She has however discovered one of the best perks of children being in the house. Since their hands tend to reach closer to mouth height, she will grab food from them. Not a desirable behavior, we know. And she is also quick to pounce on unattended plates or bowls of food. It took about seven years or so before she discovered she was capable of jumping up on our coffee table. The incentive? The buffet of food of course. She knows she's not supposed to be on the table and there are times when she jumps up on the kitchen table (using a chair that hasn't been pushed in) and sometimes, she can't get down on her own. The look on her face is priceless. She sheepishly waits for someone to help her get down, fully aware of her transgression. But also fully aware she'd do it again in a heartbeat. If it weren't for the food she's able to thieve away, I don't think she'd be quite as willing to share her home with the little ones in our family.
Everyone Alseep But Me
Nala Hates Things On Her Head - It makes her seriously depressed.
I have another picture from the same day as this, only she's lying down on the ground, head between her paws. You can just tell she feels humiliated. We're pretty sure she's saying she hates us with her eyes. Is it wrong that it amuses us so?
Do you make up stuff your pet would say if it could talk?
We do all the time. We look at her and put the words to her expressions (and her ears are extremely expressive). From, "You guys are idiots" to "Really. You aren't feeding me first?" it's a little game we like to play. Do you do it too or are we the only strange ones?
Do you put words in your pet's mouth?
More Nala! - She's just so cute I had to share a few moreClick thumbnail to view full-size
The Home Stretch - Her last days
I mentioned earlier that ours has been a relationship colored with frustration and misunderstanding. I was used to a different type of dog, with a different personality. Next time around, I'd like a dog that my kids can really play with, that they can love and appreciate and not worry about being quite so cautious of her fragility (she has tiny little legs and a bum knee). I'd like a dog that's more affectionate and more, well, interested in us.
That being said, we've come a long way, she and I. She's rounding the corner on the end of her life. One morning, a little over a year ago, I let her out in our backyard and she didn't come in. She sat down on our hill and stared at the house for quite a while. When it was time for me to take my youngest to preschool, I called her in and she didn't come. Not seeing her in the yard, I went out to find her and when I finally did, she was sitting in a pile of leaves, shaking. She's a shaky dog in general, always has been. But sitting in a pile of leaves was new. I was pretty sure she had gone out to die.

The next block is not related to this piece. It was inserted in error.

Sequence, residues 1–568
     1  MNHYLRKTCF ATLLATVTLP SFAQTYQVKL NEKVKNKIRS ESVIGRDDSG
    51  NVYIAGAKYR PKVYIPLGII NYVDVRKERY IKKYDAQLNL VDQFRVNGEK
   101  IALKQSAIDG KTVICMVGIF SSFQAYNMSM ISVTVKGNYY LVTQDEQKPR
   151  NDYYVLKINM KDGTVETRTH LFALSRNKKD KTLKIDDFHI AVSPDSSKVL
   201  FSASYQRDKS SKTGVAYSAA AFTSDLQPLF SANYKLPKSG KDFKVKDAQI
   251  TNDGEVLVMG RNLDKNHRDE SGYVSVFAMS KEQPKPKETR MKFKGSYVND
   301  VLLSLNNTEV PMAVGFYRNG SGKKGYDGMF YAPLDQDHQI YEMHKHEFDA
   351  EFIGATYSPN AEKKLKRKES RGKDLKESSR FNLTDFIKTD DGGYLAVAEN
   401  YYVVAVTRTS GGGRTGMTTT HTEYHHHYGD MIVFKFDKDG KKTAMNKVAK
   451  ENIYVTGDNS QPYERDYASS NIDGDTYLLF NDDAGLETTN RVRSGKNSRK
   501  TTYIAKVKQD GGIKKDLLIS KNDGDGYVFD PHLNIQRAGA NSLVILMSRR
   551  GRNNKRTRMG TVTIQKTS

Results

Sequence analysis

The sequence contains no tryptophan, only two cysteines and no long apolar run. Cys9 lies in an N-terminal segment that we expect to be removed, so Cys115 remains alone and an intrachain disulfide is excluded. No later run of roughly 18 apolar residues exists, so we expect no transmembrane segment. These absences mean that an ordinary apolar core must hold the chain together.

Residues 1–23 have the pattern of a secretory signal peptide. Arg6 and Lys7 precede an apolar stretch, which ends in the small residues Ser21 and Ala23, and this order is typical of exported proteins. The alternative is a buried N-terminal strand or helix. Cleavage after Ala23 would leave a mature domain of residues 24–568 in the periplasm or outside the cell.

I started to cry as I petted her head and let her know I loved her. Tearfully, I left our back door open a crack so she could get in if she wanted. I worried what I would find when I came back home.
When I arrived, she was inside and seemed perfectly normal. Maybe she just liked the softness of the leaves. Maybe she saw my tears and decided it wasn't time to go. I don't know. But that day I realized just how much I love her.
Since then, we have noticed a tumor in her mouth. When we took her to the vet, we decided together that we wouldn't try to determine whether the tumor was benign or malignant since it wouldn't change our plans and it would mean putting her under anesthesia. Due to that and a lump in her neck at the time, the vet seemed to think her time left with us was short. While he didn't give a specific time frame, he did seem to think it would be short term, not long term.
And here it is, eleven months later and she's giving no signs of giving up. But we do see that she's slowed down. She sleeps a lot more. She seems to be losing her hearing. She has cataracts on her eyes and her teeth are starting to fall out.
She's an old girl and she's mellowed with age. Though she still barks incessantly when we eat or she wants to go out, still is outraged when we don't immediately fill her needs. She still can run around the house crazy when she's had a bath. And she still jumps up to eat the kids' food.
We have learned some things about life and death as her time with us comes closer to an end. We're not interested in artificially prolonging her life. We're not interested in heroic efforts to remove a tumor, to rid her of cancer (if that is in fact what she has). While we certainly don't want her to be in pain, we also know she's lived a long and full life. When she's ready, she's ready and we will try to make her comfortable and usher her gently to her final sleep.
In the end, I've come to see how much I love her and that there will be a hole in our hearts when she's gone. It will be harder on my older son. The little one wishes she weren't around so she wouldn't steal his food (particularly when she steals dessert!). We welcome that it's part of the process of life. For the time being, I'm a little more attentive, more loving, more likely to tell her I love her. I don't know that it makes a difference to her, but it does to me. She is after all, our Shmoopers.